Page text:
Just as the epistle to Time focuses upon the nature of transience and changeability, so too does the dedication to Malebranche acknowledge the ephemerality of life. While Time is shown to be intrinsically and necessarily fleeting, and its passage inescapable, in the second letter Caraccioli lauds immutability as an ideal towards which he is striving. The author presents the philosopher as a bridge between heaven and earth; the fixity of his worldly ideas both serves as preparation for, and see their completion in, the immutability of eternity. It might be expected for a Catholic author, in an apologetic text, to celebrate and draw attention to the fixity of heavenly beatitude. In addressing Malebranche’s ‘divinised spirit’, Caraccioli certainly does privilege ‘eternal decrees’, however the revelation of such decrees is not limited to heaven. Malebranche, according to Caraccioli, participated in divine truths even on earth.
As the letter progresses, however, the pattern which sees Malebranche’s intransience contrasted with the mutability of the mundane is inverted. Caraccioli reveals that since his passing, Malebranche’s writings ‘are no longer in fashion.’ Their truth-value might not have changed, but appreciation for his thought has, like all fashionable trends, waned with the passing of time. The philosopher’s authority is called into question by the public. Although the dominant currents of Caraccioli’s age may neglect Malebranche’s thought, the author claims to swim against the tide; he remains a ‘perpetual admirer’ of the philosopher’s work. For an author to flatter a dedicatee with such praise is of course not unusual: “I’ve always loved your work” is a phrase we are all familiar with. While before, fixity was a quality attributed to Malebranche, here, it is Caraccioli himself who is in some way granted perpetuity.
Caraccioli’s effervescent praise of Malebranche moves from admiration to identification. In the short epistle, the author establishes a direct comparison between himself and the philosopher. Quickly catching his comparison, the author subsequently turns it around, readopting a posture of humility. He ends the letter abruptly, wondering ‘am I not honouring myself here?’ Here, Caraccioli touches the heart of the dedicatory epistle, and offers something of an explanation for his unconventional approach. By virtue of the affiliation they proclaim, such letters praise the dedicator as much as, if not more than, the dedicatee; they are inherently reflexive. Since they are both written by and comment upon the virtues of the author, such epistles can be said to be instrumental in his process of self-fashioning.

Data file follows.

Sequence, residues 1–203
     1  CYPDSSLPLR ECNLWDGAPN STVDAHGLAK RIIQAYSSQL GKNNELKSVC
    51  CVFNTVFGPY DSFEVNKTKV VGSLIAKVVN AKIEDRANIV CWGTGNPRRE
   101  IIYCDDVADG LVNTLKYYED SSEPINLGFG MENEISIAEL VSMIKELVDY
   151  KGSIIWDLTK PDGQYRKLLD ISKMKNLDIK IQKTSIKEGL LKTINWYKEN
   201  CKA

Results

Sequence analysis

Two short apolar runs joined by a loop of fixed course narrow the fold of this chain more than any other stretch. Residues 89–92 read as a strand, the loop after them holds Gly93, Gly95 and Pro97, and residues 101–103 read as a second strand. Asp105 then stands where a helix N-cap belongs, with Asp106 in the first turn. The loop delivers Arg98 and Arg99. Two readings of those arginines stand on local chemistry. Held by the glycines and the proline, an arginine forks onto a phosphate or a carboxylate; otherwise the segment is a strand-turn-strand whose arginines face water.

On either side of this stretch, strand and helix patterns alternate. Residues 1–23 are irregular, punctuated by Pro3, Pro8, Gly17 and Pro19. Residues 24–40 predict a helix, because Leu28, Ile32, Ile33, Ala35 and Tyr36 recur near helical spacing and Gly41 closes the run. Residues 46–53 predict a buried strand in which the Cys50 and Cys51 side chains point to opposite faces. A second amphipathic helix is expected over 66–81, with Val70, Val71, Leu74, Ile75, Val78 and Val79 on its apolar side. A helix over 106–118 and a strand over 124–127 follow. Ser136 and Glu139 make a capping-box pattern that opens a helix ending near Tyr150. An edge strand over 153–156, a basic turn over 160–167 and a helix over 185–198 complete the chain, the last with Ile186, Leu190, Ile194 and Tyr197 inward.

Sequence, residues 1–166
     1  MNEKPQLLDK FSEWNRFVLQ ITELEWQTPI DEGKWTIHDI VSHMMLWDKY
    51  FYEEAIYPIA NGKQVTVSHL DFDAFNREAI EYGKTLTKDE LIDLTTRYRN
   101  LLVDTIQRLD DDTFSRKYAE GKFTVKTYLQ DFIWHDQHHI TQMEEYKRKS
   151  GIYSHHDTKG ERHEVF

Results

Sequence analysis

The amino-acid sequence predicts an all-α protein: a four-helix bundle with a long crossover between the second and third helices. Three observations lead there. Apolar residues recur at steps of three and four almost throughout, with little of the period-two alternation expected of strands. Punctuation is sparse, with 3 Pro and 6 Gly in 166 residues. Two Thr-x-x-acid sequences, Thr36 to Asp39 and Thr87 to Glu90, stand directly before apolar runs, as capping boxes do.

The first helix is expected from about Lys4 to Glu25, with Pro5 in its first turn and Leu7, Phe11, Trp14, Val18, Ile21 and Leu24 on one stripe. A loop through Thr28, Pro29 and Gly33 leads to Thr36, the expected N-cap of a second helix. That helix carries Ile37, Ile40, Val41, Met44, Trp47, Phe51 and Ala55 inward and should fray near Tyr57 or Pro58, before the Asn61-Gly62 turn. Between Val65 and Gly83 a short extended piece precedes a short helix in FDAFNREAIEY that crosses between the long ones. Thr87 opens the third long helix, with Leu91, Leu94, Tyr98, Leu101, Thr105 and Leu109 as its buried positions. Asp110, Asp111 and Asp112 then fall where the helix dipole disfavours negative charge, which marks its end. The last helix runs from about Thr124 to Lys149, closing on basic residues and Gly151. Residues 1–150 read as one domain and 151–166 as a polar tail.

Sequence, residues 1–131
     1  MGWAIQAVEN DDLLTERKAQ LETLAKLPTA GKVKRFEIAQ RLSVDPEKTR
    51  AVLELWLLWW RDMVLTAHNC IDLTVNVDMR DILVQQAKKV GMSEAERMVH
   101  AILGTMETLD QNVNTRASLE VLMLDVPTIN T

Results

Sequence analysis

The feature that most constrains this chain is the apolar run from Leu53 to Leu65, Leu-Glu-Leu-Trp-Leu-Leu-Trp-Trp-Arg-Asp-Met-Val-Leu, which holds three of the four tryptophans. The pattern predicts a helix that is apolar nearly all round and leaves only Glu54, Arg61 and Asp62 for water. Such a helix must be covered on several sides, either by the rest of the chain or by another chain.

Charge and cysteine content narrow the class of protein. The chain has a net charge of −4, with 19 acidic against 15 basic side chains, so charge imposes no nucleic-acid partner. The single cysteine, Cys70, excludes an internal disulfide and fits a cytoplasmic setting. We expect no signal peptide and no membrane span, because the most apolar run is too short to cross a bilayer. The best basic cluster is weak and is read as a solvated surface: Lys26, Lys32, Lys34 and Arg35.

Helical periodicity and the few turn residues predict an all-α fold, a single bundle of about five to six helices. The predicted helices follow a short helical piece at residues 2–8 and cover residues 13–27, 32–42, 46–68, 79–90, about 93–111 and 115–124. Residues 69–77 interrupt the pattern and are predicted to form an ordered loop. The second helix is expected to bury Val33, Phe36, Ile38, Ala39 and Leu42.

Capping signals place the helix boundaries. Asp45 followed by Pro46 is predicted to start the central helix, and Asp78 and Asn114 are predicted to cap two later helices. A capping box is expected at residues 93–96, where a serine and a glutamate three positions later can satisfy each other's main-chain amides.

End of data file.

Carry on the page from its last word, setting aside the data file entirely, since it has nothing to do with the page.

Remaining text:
By neglecting to address ‘real life’ patrons in his early career, instead directing dedications to abstract concepts and figures, Caraccioli begins to fashion his authorial identity in three ways. He first introduces themes which will pervade his literary project, while drawing attention to his own intellectual influences. He asserts his reflexivity in the second instance, making explicit what readers perhaps already know: that the epistle serves to frame the author as much as praise the supposed recipient. Thirdly, and perhaps most crucially, Caraccioli here points to the real destination of the dedication, not the dedicatee but rather the reader. At the dawn of his career, Caraccioli rejects external, material endorsement, implicitly inviting his readers to endorse him themselves, cast their own judgement upon him and his work, based upon his literary project and influences. Like Grimm, these readers may find his work detestable, but at least they will have reached this verdict themselves.
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Rebecca Short is an AHRC-funded DPhil student at St Hilda’s College, Oxford. Her research centres around paratext as an instrument of authorial self-fashioning, with particular focus on the works of eighteenth-century apologist Louis-Antoine Caraccioli (1719-1802).
 Friedrich Melchior von Grimm, Corréspondance littéraire, philosophique et critique de Grimm et de Diderot, eds., Jules-Antoine Taschereau and A. Chaudé, 15 vols (Paris: Furne, 1829-1831), vol. 3, p. 407. All citations have been translated from French for the purpose of this post.
 Louis-Antoine Caraccioli, Le Dialogue entre le siècle de Louis XIV et le siècle de Louis XV (1751), p. iv.
 Caraccioli, La Conversation avec soi-même, p. iv.
 Ibid, p. vi.
 Ibid, p. xv.